December 16, 2012

In The Arts: At home in Winslow's house

By PHILIP ISAACSON

A building is an extension of its owner's persona. I extend that maxim to include the manner in which the owner outfits the building. You can tell a lot about a person by looking at where he or she lives.

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“The Painting Studio,” salted paper print by Alan Vlach.d Museum of Art.

Courtesy of Portland Museum of Art

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“Chlucco, The Long Warrior,” a four-color woodcut by David Wolfe, at June Fitzpatrick Gallery.

Image courtesy of June Fitzpatrick Gallery

Additional Photos Below

ON VIEW

“BETWEEN PAST AND PRESENT: THE HOMER STUDIO PHOTOGRAPHIC PROJECT”

WHERE: Portland Museum of Art, 7 Congress St. 775-6148; portlandmuseum.org

HOURS: 10 a.m. to 5 p.m. Tuesday to Sunday (until 9 p.m. Friday)

CLOSES: Feb. 17

“PRESSING ON II”

WHERE: June Fitzpatrick Gallery, 522 Congress St., Portland. 699-5083

HOURS: Noon to 5 p.m. Tuesday to Saturday

CLOSES: Dec. 29

That is never more so than in the case of an artist. I read an artist's home as an accompaniment to his art and a declaration of his values. It doesn't always work, but I keep looking.

That brings me to Winslow Homer, Prout's Neck and the Portland Museum of Art. Homer's studio/home at Prout's Neck goes back to the early 1880s, and by the time I first got there -- the misty 1960s -- it was an object of mild curiosity, not the venerated site it has since become. I was looking for the personality of Homer -- it might have soaked into the boards -- but all I found was the standard account of his life and visual confusion. I was denied a brush with the occult. Homer had fled.

The museum's recent acquisition and restoration of the studio was heroic. Both concealed and unconcealed, the modifications refresh the old place and suggest spaces in which Homer's genius could wax.

The efforts have preserved the essence of the studio, made the building comprehensible and reduced some of the mystery that we, through lack of information, have contributed to Homer's life.

Among the commemorations of its efforts, the museum has sponsored "Between Past and Present: The Homer Studio Photographic Project." It is an exhibition of photographs relating to the studio and neighboring lands by five distinguished photographers.

They were selected for the accomplishment of their imagery -- each is capable of brilliant work -- and for the ability to work in one of the historic processes available during Homer's lifetime (1836-1910). The goals of the project were to record and interpret. The results make up the show, and provide me with considerable pleasure.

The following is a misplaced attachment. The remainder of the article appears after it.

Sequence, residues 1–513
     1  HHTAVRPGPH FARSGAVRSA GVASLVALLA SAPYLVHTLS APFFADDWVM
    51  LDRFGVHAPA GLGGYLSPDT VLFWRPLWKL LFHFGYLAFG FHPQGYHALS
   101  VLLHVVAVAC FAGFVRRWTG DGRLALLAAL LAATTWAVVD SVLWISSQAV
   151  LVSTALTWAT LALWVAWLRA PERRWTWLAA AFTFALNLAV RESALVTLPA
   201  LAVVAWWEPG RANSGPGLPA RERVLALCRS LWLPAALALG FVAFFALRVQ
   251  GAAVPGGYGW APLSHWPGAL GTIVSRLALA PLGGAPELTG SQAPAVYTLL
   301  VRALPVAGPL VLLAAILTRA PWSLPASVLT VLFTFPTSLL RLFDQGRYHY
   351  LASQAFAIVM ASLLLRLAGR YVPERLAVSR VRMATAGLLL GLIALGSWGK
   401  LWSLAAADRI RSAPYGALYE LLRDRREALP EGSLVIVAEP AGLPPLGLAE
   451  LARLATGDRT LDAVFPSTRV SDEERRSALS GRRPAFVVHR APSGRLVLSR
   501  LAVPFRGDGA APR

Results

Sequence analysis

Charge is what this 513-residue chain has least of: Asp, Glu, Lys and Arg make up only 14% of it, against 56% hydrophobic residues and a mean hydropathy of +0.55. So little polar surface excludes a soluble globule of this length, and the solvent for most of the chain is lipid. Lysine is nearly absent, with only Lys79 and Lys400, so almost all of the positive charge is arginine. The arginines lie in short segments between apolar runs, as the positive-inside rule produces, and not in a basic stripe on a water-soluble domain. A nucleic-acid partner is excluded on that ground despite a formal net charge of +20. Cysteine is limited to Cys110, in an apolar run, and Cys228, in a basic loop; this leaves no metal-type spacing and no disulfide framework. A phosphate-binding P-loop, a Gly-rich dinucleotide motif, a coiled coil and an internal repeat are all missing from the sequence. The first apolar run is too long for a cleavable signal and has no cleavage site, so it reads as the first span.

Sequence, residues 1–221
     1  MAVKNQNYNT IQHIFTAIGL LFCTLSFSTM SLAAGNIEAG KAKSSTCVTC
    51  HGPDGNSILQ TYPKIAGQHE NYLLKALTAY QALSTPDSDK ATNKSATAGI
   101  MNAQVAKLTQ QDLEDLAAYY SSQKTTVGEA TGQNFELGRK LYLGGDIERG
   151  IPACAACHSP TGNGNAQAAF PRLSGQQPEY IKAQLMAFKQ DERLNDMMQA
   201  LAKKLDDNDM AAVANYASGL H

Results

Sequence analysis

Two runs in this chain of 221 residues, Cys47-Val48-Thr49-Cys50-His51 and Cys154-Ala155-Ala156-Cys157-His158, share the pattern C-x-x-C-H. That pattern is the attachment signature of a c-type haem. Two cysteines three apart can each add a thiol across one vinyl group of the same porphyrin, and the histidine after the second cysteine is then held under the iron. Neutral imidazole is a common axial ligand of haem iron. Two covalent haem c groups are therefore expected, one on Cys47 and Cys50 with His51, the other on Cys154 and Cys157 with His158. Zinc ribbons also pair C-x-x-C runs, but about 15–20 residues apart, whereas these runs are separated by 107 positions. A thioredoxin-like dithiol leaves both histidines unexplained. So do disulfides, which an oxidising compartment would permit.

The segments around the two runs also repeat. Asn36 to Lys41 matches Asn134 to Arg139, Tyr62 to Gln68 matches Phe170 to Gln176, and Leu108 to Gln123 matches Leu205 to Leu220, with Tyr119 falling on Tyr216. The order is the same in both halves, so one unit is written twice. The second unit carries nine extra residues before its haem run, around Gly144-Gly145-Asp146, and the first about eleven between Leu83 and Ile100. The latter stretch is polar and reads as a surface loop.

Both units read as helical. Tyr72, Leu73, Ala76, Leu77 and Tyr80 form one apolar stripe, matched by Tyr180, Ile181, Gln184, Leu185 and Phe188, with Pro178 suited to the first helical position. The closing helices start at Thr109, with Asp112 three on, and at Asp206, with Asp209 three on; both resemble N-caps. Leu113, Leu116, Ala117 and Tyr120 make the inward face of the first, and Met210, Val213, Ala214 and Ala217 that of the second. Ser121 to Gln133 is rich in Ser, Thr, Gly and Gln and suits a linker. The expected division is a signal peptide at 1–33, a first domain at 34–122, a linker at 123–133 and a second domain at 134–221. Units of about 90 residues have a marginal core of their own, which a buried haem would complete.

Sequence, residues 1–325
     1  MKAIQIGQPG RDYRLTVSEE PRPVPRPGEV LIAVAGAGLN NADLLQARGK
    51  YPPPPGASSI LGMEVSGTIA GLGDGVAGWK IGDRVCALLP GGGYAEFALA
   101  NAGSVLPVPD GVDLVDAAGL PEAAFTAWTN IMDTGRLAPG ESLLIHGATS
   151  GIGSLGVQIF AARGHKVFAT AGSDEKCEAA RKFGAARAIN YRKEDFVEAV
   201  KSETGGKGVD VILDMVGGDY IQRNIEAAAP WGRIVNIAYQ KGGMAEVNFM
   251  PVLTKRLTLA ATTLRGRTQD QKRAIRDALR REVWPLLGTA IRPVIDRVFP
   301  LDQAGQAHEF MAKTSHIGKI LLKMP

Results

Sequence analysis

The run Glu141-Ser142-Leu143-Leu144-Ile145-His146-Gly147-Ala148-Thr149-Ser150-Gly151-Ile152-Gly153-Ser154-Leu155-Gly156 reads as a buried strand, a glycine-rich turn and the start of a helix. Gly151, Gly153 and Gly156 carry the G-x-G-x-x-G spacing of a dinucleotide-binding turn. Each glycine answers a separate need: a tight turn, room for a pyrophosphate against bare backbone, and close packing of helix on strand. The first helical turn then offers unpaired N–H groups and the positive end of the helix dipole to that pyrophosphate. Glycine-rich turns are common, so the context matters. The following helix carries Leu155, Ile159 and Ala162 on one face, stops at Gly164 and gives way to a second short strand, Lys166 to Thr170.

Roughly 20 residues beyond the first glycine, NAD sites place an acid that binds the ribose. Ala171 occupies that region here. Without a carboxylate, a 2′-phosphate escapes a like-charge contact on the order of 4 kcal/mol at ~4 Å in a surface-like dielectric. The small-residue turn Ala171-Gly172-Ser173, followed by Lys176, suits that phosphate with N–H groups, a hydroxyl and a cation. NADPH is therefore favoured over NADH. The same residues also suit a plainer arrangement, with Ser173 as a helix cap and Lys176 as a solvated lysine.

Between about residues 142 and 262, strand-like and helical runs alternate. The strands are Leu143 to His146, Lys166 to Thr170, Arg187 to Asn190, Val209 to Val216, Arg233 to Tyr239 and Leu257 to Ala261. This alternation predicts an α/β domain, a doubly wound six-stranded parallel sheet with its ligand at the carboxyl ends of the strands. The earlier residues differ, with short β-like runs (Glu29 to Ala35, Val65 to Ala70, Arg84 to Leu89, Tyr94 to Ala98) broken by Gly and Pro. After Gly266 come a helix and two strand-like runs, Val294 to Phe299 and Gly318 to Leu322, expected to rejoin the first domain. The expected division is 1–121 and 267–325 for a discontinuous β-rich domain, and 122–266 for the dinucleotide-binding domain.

"Pleasure" is not a common term of art commentary, but it is particularly apt for this event. The restoration of a notable structure is always a rich cause for comment and concern. This in itself gives the undertakings at the studio a certain fascination.

Further, I am enthusiastic about the preservation and use of arcane photographic processes even when diluted by well-meaning digitalists. The appearance here of several old methods also is fascinating. Add all of this to a number of strong images, and you have a very good show.

The museum's selectees are Keliy Anderson-Staley, Tillman Crane, Brenton Hamilton, Abelardo Morell and Alan Vlach.

Anderson-Staley is a noted maker of wet-plate collodion tintypes. This, among other things, means that her darkroom travels with her when she works in the field. That effort gives her plein air images a certain enchantment; they tug at the early history of recording visual facts.

Anderson-Staley's "Winslow Homer's Studio, Viewed from the Sea Path," which started life as an 8-by-10-inch wet-plate collodion tintype, is splendid. In it, the old studio is embraced by a landscape that has much in common with the world that drew the Homer family to Prout's Neck. Of all the work on view, Homer makes his most sustained appearance in Anderson-Staley's.

Crane's 10 images range from the architecturally examined "Roof Corner Homer Studio, Scarborough, ME" to staircases, bird's-eye views of the roof, piazza railings and interiors, and passages of nearby lands. Accomplished in platinum, they are the most comprehensive study of the physical sense of the studio in the show.

Hamilton has brought his eye for capturing visitations from esoteric forms to facts relating to Prout's Neck. Interpreted in equally esoteric gum bichromate, things and places evoked by thoughts of Homer and his work require the cooperation of the viewer.

(Continued on page 2)

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Additional Photos

click image to enlarge

“Forking Path 1,” a woodcut by Allison Hildreth at June Fitzpatrick Gallery.

Image courtesy of June Fitzpatrick Gallery

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“Ghost,” a lithograph by Alan Bray.

Image courtesy of June Fitzpatrick Gallery

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“Green Light,” woodcut by Charlie Hewitt at June Fitzpatrick Gallery.

Image courtesy of June Fitzpatrick Gallery

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From “Between Past and Present,” “Roof Corner, Homer Studio, Scarborough,” platinum print by Tillman Crane.

Image courtesy of Portland Museum of Art

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From “Between Past and Present,” “Cliff Walk Near West Point,” salted paper print by Alan Vlach.

Image courtesy of Portland Musem of Art

click image to enlarge

From “Between Past and Present,” “Razor, Found in Winslow Homer’s Studio,” wet-plate collodion tintype by Keliy Anderson-Staley.

Image courtesy of Portland Museum of Art



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